[Date Prev][Date Next][Thread Prev][Thread Next][Date Index][Thread Index]

Re: Racing Spark Prediction

Original poster: "Dr. Resonance" <resonance@xxxxxxxxxx>

It really doesn't matter exactly what the measured coupling is.

Just run the coil up and down until you find the "sweet spot" at lower power levels (35-40%) and you have the longest possible sparks --- hopefully the goal here.

I've done this very procedure with several different size coilforms and the results are always within 5%. After you achieve the performance that is max for your particular setup, then measure the coupling if you desire. The goal is optimum performance but not at the expense of excessive standing waves on the sec coil --- the cause of "racing sparks".

Dr. Resonance

> My hunch is that overtones have something to do with it

Dmitry wrote:
> then how about "folded resonator" concept?

Bob wrote:
> Can you explain why a folded resonator may cure racing sparks?

Dmitry wrote:
> why are you asking me about ways to stop racing sparks?

Hey you guys, go easy!  These sound like fair questions if we
suspect HF signals are causing racing arcs. Folding - meaning it
appears,  we wind some of the secondary in reverse direction to
the rest - is worth putting on the table.  If a resonant mode
is identified as responsible, we must relocate it or dampen it.
Changing the reactance distribution by folding might be one
possibility, but until we know more about which HF modes are
responsible, if any, I don't see how we can pursue that idea.
Let's identify the cause before considering the cure.

Dmitry wrote:
> can your simulator model this situation?

Yes, with just a small alteration to allow us to select which
portion(s) of the secondary are reverse wound.

> this software is downloadable, GNU-able, can i compile it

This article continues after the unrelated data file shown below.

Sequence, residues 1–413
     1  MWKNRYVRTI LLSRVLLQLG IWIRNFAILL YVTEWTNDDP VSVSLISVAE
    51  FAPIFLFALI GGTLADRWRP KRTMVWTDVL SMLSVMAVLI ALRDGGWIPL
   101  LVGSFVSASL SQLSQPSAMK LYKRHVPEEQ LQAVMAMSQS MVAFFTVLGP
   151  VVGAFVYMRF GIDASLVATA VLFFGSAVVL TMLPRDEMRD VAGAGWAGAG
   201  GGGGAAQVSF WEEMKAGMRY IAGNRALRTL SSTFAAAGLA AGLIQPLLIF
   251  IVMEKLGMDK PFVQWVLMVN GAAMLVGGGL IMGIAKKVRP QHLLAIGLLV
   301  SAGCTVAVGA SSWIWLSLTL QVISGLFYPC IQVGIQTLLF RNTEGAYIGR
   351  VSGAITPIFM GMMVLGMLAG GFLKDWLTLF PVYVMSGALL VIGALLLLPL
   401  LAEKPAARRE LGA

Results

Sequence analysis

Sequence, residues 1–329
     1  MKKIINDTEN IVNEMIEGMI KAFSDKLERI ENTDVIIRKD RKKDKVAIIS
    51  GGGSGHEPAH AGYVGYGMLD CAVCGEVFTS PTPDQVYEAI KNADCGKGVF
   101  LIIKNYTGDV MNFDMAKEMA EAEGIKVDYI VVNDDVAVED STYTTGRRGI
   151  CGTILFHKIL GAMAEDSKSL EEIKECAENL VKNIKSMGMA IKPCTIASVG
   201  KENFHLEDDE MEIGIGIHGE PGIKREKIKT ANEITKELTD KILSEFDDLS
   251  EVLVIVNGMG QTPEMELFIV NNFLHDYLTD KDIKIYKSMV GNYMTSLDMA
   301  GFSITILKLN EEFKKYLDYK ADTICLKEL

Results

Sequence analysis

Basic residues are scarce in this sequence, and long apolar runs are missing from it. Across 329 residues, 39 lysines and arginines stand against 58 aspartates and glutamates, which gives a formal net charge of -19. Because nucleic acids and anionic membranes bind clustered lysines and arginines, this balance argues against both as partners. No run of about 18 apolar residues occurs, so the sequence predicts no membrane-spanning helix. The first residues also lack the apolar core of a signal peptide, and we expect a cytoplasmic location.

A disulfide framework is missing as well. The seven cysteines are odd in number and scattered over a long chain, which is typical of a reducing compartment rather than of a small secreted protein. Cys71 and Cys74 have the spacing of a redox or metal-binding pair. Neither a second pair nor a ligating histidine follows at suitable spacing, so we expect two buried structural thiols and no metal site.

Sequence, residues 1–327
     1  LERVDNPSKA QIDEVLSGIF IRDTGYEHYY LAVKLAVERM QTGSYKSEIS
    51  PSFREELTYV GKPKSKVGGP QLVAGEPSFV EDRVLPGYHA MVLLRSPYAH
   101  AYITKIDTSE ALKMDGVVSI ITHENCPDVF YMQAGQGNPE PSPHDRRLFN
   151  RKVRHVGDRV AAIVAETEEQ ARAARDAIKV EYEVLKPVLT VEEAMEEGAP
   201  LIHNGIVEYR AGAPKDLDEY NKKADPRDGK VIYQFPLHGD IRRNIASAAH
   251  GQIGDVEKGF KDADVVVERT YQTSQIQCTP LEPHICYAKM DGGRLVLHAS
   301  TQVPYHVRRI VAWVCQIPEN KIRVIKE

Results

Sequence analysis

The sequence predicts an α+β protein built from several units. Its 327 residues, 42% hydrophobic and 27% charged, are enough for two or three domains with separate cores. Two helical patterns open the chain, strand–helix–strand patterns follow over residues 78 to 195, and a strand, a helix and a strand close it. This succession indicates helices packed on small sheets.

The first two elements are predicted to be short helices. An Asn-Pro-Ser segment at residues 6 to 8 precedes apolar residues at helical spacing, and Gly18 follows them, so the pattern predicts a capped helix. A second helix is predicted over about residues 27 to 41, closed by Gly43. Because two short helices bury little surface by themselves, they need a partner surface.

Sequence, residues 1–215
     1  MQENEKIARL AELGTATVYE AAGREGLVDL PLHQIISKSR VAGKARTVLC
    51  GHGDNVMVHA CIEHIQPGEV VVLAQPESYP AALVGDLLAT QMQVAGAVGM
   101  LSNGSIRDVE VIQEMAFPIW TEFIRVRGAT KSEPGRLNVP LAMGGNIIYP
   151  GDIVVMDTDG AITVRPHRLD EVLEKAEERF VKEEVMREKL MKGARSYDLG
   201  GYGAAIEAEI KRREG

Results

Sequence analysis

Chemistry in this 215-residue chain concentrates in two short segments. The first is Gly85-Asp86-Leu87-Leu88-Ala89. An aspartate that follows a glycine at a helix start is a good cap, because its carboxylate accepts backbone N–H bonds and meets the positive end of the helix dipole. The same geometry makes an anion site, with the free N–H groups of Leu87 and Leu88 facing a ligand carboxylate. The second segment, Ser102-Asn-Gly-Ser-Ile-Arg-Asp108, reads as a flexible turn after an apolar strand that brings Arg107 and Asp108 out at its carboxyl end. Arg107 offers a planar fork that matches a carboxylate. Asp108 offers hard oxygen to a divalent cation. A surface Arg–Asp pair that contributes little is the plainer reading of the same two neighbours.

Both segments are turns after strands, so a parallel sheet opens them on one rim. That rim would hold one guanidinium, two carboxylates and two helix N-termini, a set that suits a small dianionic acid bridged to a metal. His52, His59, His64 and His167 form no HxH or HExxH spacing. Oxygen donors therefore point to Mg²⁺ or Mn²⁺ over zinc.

> for myself?

Yes.  But at the moment there are some incomplete changes. The
main defect in tssp software lies in the process of solving for
the quadratic eigenvalues and for the eigenvectors of the large,
dense, non-hermitian 'solenoid matrix' which is defined in


The process used at the moment is slow and brute force, and
requires some hand-holding of the algorithm: selection of starting
parameters so that the thing converges and also does not miss any
modes, especially closely located ones during weak coupling and
highly damped modes during conditions of heavy loading.  I'm slowly
learning enough math to tackle the problem properly.  That's why
pn1401 above is unfinished - this key step is too embarrassingly
crude at the moment for me to document and publish!  Better ways
need to be found.  I'll write more about this if anyone is

Dmitry wrote:
> do you really suppose that his [D.C's] coils were such horrible
> quality or were coupled well below 0.1?

No, neither.  I assume the coils are good and the coupling is
modest but not super low as D.C.'s setup procedure would suggest.
I suspect some combination of factors is upsetting the sweep.

D.C. wrote:
> No racing sparks here in over 30 years!!

So he must be doing something right, we just need to understand
exactly what and how.  Simple reduction of k doesn't give the
answer - the HF modes are not reduced sharply enough. There must
be some other factor, such as reduced coupling between primary
overtones and the secondary, etc.

Guys, we are running out of things to say on this topic. Most of
these points have been stated before. We are stalled, needing
some measurements of coils near to producing racing arcs so we
can actually see what signals are present and at what level.
I feel that lurking in this topic is something new and useful
waiting to be discovered, hidden not too deep - and we have the
technology too!  We 'theorists' can only speculate ad nauseum
until this ball returns from the experimenter's court.
Paul Nicholson